Manal Al-Sharif is a women's rights activist from Saudi Arabia who helped start a women's right to drive campaign in 2011.
In May 2011, Al-Sharif filmed herself driving a car in Saudi Arabia, where women are prohibited from driving. She posted the video on YouTube, called on women to participate in a Women2Drive campaign on June 17 of that year, the video received nearly 700,000 views in a single day. During a second turn at the wheel, she was imprisoned for nine days.
Al-Sharif was recognized by Time Magazine as one of the "100 Most Influential People in the World", and by Arabian Business as the most inspiring Arab woman. She was also awarded the Vaclav Havel Prize for Creative Dissent at the Oslo Freedom Forum. Al-Sharif was the first Saudi female IT security consultant working for the oil company Saudi Aramco for 10 years. Lan Anh Vu sat down with Al-Sharif at Forum 2000 to hear more about her journey, how she launched the Women2Drive movement and the key lessons she has learned along the way.
As told to Lan Anh Vu
Guardianship System in Saudi Arabia
Under Saudi Arabia's rigid Wahhabi school of Sunni Islam, women fall under the legal authority of a guardian. No matter what your social status, age, or education, if you are a woman, then you are always treated as a minor and in need of a legal guardian--a man--for your entire life. They say that this law is to protect women.
Women cannot study, travel, marry, or even receive medical treatment without the consent of their father, husband, or another man in their family. I was taught that as a woman, I am entirely 'awrah. If I walk down the street, then I have to cover up. Women cannot use their names. For example, if my mother calls to me on the street, then she has to call me by my brother's name. So, I have been faceless, voiceless, and nameless.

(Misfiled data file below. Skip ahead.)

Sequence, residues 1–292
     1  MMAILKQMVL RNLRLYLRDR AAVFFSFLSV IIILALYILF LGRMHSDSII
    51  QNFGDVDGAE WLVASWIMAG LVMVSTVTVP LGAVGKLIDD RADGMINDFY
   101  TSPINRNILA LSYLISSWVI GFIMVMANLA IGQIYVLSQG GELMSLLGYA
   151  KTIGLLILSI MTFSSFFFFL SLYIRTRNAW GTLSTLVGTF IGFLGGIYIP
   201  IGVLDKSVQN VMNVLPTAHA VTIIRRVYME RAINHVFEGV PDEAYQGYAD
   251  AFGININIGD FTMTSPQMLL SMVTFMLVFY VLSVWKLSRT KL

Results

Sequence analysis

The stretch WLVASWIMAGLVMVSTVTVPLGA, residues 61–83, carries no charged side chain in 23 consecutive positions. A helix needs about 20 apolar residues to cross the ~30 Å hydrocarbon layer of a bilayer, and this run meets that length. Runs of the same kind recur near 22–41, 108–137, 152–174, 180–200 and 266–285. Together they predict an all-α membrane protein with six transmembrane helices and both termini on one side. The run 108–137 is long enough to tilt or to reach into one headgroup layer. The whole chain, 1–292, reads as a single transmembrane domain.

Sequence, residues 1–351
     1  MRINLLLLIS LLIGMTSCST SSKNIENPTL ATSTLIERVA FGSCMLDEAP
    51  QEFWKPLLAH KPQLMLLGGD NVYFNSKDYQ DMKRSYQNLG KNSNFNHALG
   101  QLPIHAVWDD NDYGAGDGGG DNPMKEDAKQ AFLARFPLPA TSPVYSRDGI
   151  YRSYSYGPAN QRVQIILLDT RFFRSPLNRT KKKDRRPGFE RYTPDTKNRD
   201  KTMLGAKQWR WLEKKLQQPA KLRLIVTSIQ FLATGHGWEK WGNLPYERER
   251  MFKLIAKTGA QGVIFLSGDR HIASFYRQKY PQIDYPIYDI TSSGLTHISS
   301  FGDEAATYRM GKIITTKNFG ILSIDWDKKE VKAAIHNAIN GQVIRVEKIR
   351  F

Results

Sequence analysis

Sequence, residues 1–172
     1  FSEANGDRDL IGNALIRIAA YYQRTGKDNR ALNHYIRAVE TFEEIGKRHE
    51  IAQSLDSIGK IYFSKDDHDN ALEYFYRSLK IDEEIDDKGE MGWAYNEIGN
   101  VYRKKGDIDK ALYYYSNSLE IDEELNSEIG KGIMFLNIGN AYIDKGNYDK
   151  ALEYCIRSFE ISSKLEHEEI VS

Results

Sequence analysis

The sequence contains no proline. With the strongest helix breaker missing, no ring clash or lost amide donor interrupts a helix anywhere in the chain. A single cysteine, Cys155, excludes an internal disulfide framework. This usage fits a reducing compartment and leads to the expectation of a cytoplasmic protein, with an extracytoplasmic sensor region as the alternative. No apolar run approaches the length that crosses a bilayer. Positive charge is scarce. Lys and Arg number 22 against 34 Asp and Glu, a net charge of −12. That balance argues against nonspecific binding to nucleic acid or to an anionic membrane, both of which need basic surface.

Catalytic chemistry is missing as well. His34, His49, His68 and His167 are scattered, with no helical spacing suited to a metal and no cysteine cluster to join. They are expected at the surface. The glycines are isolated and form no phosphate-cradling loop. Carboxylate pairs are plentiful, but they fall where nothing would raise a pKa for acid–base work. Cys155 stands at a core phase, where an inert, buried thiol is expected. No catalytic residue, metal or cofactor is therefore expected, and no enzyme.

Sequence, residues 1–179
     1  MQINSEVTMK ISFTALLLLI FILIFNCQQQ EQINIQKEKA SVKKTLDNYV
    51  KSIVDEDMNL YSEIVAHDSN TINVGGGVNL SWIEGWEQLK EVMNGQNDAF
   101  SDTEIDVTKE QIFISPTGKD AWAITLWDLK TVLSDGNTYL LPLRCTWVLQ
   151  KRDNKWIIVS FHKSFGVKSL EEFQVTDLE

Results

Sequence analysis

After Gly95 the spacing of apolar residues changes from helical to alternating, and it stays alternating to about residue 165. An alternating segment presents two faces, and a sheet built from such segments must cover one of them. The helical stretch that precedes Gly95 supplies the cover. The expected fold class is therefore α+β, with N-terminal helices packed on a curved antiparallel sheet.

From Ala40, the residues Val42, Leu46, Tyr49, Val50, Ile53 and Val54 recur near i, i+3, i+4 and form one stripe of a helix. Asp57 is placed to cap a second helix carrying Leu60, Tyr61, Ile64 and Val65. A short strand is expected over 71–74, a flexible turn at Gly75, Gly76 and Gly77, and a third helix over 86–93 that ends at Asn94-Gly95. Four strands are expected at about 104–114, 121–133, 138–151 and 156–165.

How I Launched the Women2Drive Movement
It was May 2011, I complained to a colleague about the harassment that I had to face in trying to find a driver to take me home, even though I have a car and an international driver's license. In 2009, when I was working in Boston, United States, I got my first driver's license at the age of 30. When I returned home, however, I could not drive in my own country. There is no official law that bans women from driving, it's just a societal norm.
For women in Saudi Arabia, if you want to work, then you need a guardian--a man--to grant you permission to work. But to go to work and return home, you also need a man to drive you. There is no public transport, there is no good taxi system, and the sidewalk isn't safe for women to walk on. It's a daily struggle for working women. The cost of hiring a private driver often deters women from entering the labor market. In families that cannot afford a private driver, children as young as 16 serve as drivers, and they are inexperienced. That's one of the reasons why Saudi Arabia has high traffic fatalities.
In 2011, amid the explosive Arab Spring, activists used social media to call for action. I was inspired to create a video and called for women with international driving licences to go out and drive on June 17. I recorded a video of myself explaining what the campaign was about, and for the first time, I showed my face. Finally, I had come to light; I had a face, and I existed. I was there to speak up for myself.